“Open up your heart and let your feelings flow…”
“I don’t ever want to be stuck in a category as far as singing, because I like all music.”
Those words, spoken by Diana Ross during a 1976 interview with Don Pietromonaco, pretty much sum up the singer’s entire career. By 1976, Diana Ross had recorded songs from pretty almost every genre of music, from girl-group pop to Broadway standards with the Supremes to her solo successes with soul, jazz, and country-tinged adult contemporary. Her new album that year, Diana Ross, would further expand her list of hits, with the disco smash “Love Hangover,” the funky “One Love In My Lifetime,” and the sweeping “Theme From Mahogany” all hitting top 10 on various formats; the other tracks on the LP jumped all over the musical map, too, from the 1920s-inspired “Kiss Me Now” to the jazzy “Smile.” In the same interview, Miss Ross explained the album, saying, “It’s a combination album of a lot of things that I like to do.”
What listeners didn’t realize was that Diana Ross could have been ever more musically varied than it ultimately was. In 2012, boutique label Hip-O Select continued its series of Diana Ross album reissues with this album, expanding it into a 2-disc special edition with alternate takes of both album and non-album tracks. Along with the aforementioned interview (recorded for TWA Airlines), three previously unreleased tracks were lifted from the vaults, and each came attached to a big name. “Harmony” is a cover of the Elton John song from his Goodbye Yellow Brick Road, “Le Lo Li” was written by Sly Stone and featured on his solo LP High On You, and “Go Where Your Mind Is” bears the names Jeffery Bowen and Bubba Banks as co-writers. These three tracks are about as stylistically varied as can be, especially the completely bizarre “Go Where Your Mind Is.”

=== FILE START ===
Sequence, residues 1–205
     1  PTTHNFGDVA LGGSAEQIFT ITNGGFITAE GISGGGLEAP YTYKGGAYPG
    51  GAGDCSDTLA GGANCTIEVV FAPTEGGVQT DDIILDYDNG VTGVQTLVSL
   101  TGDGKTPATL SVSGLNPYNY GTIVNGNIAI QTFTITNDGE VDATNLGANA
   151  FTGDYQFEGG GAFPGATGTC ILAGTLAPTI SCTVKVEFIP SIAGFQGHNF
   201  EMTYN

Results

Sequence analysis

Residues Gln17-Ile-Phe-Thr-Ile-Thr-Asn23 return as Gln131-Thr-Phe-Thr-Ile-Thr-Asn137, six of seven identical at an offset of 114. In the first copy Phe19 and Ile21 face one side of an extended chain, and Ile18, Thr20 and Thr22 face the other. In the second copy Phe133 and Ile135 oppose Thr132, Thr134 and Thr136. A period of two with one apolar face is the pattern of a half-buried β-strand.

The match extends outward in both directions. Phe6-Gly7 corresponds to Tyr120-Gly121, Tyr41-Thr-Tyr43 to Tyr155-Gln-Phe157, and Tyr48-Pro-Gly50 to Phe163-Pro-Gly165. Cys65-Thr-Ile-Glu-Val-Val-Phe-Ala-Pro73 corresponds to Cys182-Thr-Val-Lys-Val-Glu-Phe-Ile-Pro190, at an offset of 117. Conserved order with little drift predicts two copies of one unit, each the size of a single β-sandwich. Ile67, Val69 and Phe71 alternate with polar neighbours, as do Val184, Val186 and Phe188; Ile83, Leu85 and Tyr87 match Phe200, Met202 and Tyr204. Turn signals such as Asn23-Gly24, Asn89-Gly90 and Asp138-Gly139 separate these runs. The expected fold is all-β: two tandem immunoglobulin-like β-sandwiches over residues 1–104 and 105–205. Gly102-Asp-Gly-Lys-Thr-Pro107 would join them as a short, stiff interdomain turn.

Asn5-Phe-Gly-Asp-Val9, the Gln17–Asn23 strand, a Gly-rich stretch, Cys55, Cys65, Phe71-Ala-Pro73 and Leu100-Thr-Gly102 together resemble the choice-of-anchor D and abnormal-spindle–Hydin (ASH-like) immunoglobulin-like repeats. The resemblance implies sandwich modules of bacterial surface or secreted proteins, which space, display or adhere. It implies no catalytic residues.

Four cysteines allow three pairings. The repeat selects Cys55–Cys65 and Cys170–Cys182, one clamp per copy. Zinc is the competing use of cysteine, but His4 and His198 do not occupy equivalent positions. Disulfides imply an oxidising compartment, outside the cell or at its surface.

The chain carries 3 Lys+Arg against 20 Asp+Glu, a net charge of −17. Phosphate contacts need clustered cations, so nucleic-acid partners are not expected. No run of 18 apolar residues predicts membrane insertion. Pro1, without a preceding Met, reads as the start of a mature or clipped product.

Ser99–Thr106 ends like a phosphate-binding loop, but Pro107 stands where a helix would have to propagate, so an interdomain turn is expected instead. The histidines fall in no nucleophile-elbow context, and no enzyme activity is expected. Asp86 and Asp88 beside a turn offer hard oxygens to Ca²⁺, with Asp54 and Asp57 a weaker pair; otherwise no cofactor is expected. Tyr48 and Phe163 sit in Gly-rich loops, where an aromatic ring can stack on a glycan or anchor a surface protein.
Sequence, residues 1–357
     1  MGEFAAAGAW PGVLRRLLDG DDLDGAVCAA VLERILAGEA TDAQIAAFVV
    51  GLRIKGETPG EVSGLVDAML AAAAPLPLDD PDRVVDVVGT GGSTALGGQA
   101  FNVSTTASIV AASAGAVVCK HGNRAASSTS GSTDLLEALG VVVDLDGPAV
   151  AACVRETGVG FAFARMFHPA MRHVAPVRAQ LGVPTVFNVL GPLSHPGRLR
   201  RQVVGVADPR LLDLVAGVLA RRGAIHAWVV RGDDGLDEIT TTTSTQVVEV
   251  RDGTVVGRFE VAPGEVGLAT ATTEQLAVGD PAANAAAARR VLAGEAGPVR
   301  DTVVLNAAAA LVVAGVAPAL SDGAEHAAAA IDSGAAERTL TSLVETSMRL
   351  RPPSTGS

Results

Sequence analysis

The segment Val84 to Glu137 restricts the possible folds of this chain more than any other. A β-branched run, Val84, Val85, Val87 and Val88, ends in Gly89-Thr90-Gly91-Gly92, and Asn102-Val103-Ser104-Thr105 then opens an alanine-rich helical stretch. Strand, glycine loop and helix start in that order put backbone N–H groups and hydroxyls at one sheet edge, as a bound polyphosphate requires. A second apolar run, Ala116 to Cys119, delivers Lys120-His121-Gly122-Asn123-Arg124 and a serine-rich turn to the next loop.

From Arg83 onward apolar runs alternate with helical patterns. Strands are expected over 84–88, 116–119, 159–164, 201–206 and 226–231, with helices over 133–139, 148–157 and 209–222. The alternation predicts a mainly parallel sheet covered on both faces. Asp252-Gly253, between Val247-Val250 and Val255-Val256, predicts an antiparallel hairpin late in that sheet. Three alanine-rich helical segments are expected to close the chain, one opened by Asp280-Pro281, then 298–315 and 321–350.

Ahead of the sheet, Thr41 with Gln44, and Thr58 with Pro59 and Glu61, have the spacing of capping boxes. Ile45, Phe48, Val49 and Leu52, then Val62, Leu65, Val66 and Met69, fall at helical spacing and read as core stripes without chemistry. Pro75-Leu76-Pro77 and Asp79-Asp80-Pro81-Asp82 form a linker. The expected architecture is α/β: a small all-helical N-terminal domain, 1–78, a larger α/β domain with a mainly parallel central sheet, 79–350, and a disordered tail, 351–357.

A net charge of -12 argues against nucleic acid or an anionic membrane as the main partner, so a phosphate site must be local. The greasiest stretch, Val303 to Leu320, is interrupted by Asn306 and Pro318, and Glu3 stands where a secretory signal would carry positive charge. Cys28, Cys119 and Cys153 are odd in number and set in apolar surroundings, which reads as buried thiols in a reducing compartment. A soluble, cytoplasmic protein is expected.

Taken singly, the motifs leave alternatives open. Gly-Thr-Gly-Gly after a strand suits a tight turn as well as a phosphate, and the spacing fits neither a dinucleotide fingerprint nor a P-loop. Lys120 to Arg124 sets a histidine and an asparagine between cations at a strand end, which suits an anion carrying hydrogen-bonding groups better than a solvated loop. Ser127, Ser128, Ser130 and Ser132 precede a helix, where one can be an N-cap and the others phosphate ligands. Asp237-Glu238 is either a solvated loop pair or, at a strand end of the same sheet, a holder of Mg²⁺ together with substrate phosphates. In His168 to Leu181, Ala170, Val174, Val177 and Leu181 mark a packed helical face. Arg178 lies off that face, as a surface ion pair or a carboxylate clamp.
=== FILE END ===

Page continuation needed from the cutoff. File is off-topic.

The release of these three songs does a lot to prove Diana was telling the truth in that interview; she was certainly exploring various styles of music and singing. Not only do they offer insight into Diana’s willingness to try pretty much anything in the studio, they also foreshadow the incredibly eclectic output she’d produce in the 1980s, when she was finally allowed complete creative control of her career. They also shed light on an interesting period of Motown history, where various artists (such as Sly Stone’s sister Rose) signed with the label for brief tenures. After completely dominating soul music in the 1960s and early 70s, Motown was experimenting with different styles and trends in the changing musical landscape of the 70s, and its leading lady was doing the same thing — even if the general public didn’t get to hear some of these experiments until decades later.